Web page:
By John Hodge (hardback, Pen & Sword, 200pp, £30, ISBN 1526723832
The name Barry is synonymous with railway preservation. It was the home of the world’s most famous railway scrapyard, where owner Dai Woodham, unique amongst his counterparts elsewhere, made the momentous decision not to scrap many of the main line steam locomotives he had bought, because recycling redundant wagons brought more immediate profits. As a result, a total of 213 BR locomotives were saved for heritage purposes.
This large-format volume indeed covers Woodham Brothers’ scrapyard, but it goes further to heighten the town’s immense heritage as a working railway centre.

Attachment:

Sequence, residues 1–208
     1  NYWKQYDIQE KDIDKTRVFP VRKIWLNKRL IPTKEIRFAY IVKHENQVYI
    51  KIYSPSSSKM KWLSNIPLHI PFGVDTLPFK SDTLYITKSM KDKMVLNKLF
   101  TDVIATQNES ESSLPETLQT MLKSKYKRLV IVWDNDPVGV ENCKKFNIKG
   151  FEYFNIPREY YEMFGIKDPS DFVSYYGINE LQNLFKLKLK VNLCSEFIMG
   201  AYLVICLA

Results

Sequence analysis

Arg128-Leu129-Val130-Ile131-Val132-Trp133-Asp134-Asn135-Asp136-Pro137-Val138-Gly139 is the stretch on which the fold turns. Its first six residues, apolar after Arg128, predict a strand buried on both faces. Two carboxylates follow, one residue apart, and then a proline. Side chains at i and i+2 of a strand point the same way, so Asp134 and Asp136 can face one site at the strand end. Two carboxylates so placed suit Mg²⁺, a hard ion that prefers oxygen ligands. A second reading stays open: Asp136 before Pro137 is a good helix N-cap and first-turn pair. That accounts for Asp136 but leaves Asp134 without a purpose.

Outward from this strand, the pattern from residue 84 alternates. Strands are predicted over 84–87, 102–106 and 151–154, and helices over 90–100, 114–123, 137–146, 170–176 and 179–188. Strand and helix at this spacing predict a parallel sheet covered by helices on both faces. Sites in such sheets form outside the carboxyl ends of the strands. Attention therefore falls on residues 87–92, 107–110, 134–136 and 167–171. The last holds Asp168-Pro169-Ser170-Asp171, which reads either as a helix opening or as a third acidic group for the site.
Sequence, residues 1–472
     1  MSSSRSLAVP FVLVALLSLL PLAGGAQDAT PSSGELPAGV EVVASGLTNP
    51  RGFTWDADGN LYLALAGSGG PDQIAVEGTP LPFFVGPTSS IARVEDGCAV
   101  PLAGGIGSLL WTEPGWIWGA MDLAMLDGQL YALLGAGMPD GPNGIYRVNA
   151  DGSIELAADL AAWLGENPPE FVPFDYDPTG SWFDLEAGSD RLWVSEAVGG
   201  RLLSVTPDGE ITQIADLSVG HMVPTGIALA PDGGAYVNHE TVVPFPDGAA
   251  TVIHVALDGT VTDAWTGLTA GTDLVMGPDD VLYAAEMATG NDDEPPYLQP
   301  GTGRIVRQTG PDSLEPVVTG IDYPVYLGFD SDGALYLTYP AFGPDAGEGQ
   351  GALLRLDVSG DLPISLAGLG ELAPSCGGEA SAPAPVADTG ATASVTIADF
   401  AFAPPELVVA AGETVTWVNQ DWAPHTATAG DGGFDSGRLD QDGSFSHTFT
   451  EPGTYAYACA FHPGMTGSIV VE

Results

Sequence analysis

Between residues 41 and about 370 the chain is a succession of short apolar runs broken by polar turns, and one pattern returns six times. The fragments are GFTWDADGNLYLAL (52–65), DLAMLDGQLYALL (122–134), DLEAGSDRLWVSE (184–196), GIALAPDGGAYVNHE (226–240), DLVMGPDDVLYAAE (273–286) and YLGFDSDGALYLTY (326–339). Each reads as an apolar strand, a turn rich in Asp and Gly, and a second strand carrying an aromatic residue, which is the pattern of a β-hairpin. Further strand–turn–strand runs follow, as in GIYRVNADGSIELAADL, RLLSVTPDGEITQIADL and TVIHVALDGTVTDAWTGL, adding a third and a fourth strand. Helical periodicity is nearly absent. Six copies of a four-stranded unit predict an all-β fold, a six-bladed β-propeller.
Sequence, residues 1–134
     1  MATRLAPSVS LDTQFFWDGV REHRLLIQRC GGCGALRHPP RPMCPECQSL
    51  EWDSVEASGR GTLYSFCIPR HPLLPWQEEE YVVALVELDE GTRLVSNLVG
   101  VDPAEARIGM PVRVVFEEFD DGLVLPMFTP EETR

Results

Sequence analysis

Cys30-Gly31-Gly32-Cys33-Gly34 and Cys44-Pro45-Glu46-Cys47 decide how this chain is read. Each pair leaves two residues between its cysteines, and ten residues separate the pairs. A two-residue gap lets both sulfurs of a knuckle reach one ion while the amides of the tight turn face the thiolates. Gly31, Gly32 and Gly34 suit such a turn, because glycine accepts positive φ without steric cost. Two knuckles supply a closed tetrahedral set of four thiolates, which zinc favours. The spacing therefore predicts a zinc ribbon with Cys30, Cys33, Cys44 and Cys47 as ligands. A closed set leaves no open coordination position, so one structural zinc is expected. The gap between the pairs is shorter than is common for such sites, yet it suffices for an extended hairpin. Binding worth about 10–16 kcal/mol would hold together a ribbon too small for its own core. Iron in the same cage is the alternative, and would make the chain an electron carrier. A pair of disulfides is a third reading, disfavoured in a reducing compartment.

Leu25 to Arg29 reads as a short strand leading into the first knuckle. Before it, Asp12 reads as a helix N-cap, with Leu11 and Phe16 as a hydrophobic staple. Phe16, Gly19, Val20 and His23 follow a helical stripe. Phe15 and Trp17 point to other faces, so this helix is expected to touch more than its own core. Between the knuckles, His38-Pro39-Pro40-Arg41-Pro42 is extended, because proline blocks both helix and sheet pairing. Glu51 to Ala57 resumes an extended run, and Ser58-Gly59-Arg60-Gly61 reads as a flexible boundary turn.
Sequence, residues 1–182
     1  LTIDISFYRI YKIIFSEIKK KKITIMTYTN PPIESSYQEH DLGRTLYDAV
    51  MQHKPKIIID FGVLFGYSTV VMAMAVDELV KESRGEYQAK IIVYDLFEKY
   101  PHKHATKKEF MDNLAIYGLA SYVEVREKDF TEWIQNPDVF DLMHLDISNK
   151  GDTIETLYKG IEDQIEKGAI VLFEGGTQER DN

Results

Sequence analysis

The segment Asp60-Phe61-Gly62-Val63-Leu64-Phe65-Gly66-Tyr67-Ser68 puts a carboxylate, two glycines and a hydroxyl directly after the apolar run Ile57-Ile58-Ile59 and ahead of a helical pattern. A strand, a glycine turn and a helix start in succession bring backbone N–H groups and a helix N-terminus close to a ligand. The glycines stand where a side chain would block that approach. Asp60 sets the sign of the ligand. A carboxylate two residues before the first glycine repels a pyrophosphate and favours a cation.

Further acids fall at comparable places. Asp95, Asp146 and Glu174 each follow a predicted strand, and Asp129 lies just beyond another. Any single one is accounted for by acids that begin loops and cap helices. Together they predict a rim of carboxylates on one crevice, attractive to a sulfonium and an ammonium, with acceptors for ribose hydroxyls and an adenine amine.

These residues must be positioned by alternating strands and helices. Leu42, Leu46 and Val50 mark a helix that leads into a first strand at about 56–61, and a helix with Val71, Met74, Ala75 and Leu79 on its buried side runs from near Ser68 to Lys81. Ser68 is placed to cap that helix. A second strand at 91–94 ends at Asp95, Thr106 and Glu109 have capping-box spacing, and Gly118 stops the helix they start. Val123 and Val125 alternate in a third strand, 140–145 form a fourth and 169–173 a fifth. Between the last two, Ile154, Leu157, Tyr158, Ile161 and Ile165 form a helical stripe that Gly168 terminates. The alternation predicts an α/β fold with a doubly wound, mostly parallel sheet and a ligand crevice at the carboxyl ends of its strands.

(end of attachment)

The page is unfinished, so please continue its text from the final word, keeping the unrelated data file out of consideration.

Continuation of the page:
The terminus of later GWR constituent the Barry Railway, it was the place where the great coal-exporting docks were built in the 1880s, before which there were only around 100 inhabitants in the locality.
The volume looks at the continual expansion of the docks right until the demise of coal traffic in the 1970s, and also the emergence of Barry Island as a rail-served day trip and holiday destination from the early 20th century onwards. The engine shed and works are also covered extensively.
All the pictures are in black and white, and there are many superb views of the pre-Grouping, GWR and BR engines that ran through Barry, as well as the later WR diesel hydraulics, often on excursion traffic.
A final chapter looks at the town and docks today from the railway point of view, with Pacers aplenty on local passenger services and the variety of freight traffic that is still in evidence.
SUPERB LOCAL HISTORY
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